Whoever is careless with the truth in small matters cannot be trusted with important matters. -Albert Einstein\
We're happy to announce the release of an integrated solution to better meet the needs of customers working with composites and other advanced materials. Engineers and designers working with innovative materials now have access to a best-in-class TRUE Multiscale™ simulation solution directly within Ansys Workbench.
The integrated solution gives ANSYS users access to MultiMechanics’ material analysis tools within ANSYS® Workbench™. “We are very excited to release this tool”, says Dr. Flavio Souza, Chairman and CTO of MultiMechanics, Inc.. “Such close partnership with ANSYS has enabled us to embed MultiMech™ in an intuitive and native workflow within ANSYS® Workbench™. This is truly a 10x improvement especially when it comes to user experience and accurate prediction of failure in advanced materials.”
Excitement is shared both ways, as points out Richard Mitchell, Lead Product Marketing Manager for ANSYS' Structural Mechanics product line: "We are very excited about the new developments from MultiMechanics and the opportunities that MultiMech™ will bring to our valued customers. Making use of the open architecture of the ANSYS simulation platform to deliver their TRUE Multiscale™ technology, MultiMechanics is opening new doors to multiscale material modelling. Combining ANSYS' leading simulation platform with MultiMechanics’ powerful multiscale technology will give customers the ability to concurrently couple macro-scale events with sub-scale calculations in a single simulation."
Using MultiMechanics’ breakthrough TRUE Multiscale™ technology, engineers no longer need to resort to guessing about composite properties, how manufacturing induced variation affects performance, or how a composite material behaves and fails within a part. Through this integration, engineers can now analyze new or existing parts and confidently predict how the material microstructure affects the part design - all quickly accomplished within ANSYS. Assigning a realistic composite microstructure to a part in ANSYS is now as quick and easy as assigning any other material card. MultiMech™ will soon be available on the ANSYS App Store through the ANSYS Customer Portal.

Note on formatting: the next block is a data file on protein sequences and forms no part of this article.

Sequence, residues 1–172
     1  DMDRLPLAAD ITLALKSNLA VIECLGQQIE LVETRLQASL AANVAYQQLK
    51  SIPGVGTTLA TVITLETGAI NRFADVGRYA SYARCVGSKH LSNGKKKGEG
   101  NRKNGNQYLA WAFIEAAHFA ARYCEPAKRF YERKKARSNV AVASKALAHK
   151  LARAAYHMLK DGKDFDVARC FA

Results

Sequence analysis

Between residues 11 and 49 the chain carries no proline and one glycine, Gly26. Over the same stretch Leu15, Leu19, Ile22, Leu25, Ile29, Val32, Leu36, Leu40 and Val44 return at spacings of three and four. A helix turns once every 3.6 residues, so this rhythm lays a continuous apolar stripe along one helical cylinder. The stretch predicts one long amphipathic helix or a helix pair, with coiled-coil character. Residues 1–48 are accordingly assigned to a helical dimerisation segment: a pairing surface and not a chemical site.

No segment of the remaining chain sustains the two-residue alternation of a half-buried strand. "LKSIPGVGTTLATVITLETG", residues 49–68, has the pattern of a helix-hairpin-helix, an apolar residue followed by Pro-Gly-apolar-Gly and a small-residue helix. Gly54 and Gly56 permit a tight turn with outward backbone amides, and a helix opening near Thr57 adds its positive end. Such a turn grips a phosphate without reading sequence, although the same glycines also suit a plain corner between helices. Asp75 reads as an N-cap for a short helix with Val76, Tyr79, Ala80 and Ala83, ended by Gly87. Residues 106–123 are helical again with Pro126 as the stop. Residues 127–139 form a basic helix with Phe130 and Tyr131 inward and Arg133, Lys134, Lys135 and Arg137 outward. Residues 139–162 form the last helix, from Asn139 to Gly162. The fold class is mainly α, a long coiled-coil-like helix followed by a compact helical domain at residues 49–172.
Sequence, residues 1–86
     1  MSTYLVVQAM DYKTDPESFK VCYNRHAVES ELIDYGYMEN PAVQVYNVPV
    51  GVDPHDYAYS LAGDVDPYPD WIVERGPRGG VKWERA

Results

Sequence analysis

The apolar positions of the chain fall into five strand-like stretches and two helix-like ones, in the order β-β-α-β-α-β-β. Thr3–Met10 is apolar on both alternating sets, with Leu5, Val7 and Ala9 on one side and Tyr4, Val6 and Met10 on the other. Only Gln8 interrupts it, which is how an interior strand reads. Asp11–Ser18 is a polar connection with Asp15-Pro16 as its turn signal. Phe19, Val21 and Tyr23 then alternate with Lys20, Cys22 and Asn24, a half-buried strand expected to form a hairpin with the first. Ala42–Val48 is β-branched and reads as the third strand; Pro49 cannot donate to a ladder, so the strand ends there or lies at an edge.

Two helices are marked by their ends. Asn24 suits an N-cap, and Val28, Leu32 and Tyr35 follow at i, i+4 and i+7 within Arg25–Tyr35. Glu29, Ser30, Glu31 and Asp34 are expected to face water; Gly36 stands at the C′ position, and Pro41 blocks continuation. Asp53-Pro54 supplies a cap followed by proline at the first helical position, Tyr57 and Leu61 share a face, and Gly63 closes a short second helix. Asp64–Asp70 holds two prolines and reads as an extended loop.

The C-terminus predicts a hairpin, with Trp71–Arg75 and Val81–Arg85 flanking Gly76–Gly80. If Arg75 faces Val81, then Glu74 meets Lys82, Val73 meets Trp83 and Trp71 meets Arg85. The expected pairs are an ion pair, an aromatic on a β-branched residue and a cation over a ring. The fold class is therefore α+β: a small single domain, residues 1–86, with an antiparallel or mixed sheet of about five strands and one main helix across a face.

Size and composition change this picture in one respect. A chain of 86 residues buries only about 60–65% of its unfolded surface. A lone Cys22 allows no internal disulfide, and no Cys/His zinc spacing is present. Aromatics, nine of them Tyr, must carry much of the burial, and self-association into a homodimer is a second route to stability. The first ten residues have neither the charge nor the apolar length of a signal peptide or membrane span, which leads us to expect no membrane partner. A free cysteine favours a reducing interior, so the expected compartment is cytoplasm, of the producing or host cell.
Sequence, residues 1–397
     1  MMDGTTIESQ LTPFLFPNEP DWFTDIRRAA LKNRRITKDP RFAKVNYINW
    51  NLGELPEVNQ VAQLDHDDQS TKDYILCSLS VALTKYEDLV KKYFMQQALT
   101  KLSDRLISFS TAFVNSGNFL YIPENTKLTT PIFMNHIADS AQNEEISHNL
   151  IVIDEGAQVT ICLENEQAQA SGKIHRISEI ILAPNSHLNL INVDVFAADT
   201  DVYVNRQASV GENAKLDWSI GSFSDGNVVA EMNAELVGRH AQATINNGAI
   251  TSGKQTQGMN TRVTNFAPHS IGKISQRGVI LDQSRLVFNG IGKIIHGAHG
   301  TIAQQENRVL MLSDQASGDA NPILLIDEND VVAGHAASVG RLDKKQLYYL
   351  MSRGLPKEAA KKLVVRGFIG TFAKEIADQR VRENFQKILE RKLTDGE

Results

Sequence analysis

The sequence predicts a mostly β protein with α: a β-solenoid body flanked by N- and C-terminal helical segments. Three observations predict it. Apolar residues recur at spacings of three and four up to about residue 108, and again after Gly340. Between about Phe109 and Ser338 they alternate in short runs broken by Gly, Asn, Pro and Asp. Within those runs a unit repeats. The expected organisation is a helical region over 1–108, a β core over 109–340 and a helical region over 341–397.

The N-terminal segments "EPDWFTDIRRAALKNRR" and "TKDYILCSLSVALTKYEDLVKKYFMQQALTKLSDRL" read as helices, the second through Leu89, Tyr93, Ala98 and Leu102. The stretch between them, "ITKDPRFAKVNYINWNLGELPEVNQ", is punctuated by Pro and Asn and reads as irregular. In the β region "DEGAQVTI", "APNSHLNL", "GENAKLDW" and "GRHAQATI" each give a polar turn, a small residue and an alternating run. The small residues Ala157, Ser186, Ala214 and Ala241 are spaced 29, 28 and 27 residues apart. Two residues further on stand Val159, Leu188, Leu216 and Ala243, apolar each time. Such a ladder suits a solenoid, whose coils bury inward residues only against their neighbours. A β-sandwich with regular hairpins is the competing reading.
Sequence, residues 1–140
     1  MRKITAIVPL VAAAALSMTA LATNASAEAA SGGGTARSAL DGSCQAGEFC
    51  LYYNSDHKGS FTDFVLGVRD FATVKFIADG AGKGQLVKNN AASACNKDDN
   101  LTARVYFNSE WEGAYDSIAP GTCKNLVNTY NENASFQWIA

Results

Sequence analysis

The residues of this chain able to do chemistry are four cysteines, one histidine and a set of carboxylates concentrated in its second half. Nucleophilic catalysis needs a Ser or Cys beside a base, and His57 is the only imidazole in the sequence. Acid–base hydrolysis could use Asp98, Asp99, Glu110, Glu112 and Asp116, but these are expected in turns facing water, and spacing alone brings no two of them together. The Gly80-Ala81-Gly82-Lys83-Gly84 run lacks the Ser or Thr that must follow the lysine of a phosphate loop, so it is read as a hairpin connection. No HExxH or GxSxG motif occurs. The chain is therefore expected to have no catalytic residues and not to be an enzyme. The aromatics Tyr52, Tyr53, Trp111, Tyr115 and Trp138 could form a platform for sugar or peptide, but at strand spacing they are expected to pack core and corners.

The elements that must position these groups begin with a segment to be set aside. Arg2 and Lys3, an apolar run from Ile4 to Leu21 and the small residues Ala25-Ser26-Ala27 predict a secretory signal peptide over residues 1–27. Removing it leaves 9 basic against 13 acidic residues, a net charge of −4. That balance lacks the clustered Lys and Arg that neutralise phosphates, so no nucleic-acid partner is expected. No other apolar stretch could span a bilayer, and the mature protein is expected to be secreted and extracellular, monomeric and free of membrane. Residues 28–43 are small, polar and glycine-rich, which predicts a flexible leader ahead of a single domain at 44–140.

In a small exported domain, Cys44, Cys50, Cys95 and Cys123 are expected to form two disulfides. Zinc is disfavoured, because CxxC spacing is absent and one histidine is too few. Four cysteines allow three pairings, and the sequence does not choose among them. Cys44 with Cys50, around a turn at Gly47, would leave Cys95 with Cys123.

MultiMechanics has officially released an integrated solution with Dassault Systèmes SIMULIA Abaqus!
The combined solution gives Dassault Systèmes users access to MultiMechanics’ material analysis tools within Abaqus/CAE. “We are very excited to work with Dassault Systèmes,” says Dr. Flavio Souza, Co-Founder of MultiMechanics. “Combining the power of Abaqus with MultiMechanics’ ability to accurately predict composite material behavior is truly a win-win for design engineers in all industries working with innovative materials.”
Dassault Systèmes SIMULIA delivers a scalable portfolio of Realistic Simulation solutions including the Abaqus product suite for Unified Finite Element Analysis, multiphysics solutions for insight into challenging engineering problems, and lifecycle management solutions for managing simulation data, processes, and intellectual property. By building on established technology, respected quality, and superior customer service, SIMULIA makes realistic simulation an integral business practice that improves product performance, reduces physical prototypes, and drives innovation.
Dennis Corain, Director of SIMULIA Alliances, Dassault Systèmes said, “Through our open technology and partnership strategy we fully support MultiMechanics in the integration of their physics-based TRUE MultiscaleTM technology into Abaqus. Since composite materials are widely used in the aerospace industry and are gaining more use in other industries such as automotive, wind energy, and consumer products, this integration allows each of our global user communities to leverage best-in-class technologies to rapidly optimize the structural performance of composite parts.”
MultiMech - the company’s flagship product - utilizes a unique physics-based approach - denominated TRUE MultiscaleTM Technology - to accurately predict complex failure mechanisms observed in advanced materials. Initially a standalone tool, MultiMech can now be easily embedded into a multitude of CAE software platforms, so engineers can perform concurrent multiscale analyses within their preferred workflow. Dr. Souza adds: “This is the first integration of its kind. It’s a very exciting development for the composite engineering community.”
Using MultiMechanics’ breakthrough TRUE MultiscaleTM technology, engineers no longer need to resort to guessing about composite properties, how manufacturing induced variation affects performance, or how a composite material behaves and fails within a part. Through this integration, engineers can now analyze new or existing parts and confidently predict how the material microstructure affects the part design - all quickly accomplished within Abaqus. Assigning a realistic composite microstructure to a part in Abaqus is now as quick and easy as filling out an Abaqus material card.